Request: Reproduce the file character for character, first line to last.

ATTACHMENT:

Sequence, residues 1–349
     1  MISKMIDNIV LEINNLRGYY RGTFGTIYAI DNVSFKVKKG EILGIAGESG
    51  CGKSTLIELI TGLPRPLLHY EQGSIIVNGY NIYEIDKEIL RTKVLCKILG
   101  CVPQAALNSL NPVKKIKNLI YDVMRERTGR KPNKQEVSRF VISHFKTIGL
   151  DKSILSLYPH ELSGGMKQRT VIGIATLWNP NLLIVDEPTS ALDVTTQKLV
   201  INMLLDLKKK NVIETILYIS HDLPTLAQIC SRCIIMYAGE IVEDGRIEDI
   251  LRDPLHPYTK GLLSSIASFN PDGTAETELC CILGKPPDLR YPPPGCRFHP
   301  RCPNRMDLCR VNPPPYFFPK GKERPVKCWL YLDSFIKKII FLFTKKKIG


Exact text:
Sequence, residues 1–349
     1  MISKMIDNIV LEINNLRGYY RGTFGTIYAI DNVSFKVKKG EILGIAGESG
    51  CGKSTLIELI TGLPRPLLHY EQGSIIVNGY NIYEIDKEIL RTKVLCKILG
   101  CVPQAALNSL NPVKKIKNLI YDVMRERTGR KPNKQEVSRF VISHFKTIGL
   151  DKSILSLYPH ELSGGMKQRT VIGIATLWNP NLLIVDEPTS ALDVTTQKLV
   201  INMLLDLKKK NVIETILYIS HDLPTLAQIC SRCIIMYAGE IVEDGRIEDI
   251  LRDPLHPYTK GLLSSIASFN PDGTAETELC CILGKPPDLR YPPPGCRFHP
   301  RCPNRMDLCR VNPPPYFFPK GKERPVKCWL YLDSFIKKII FLFTKKKIG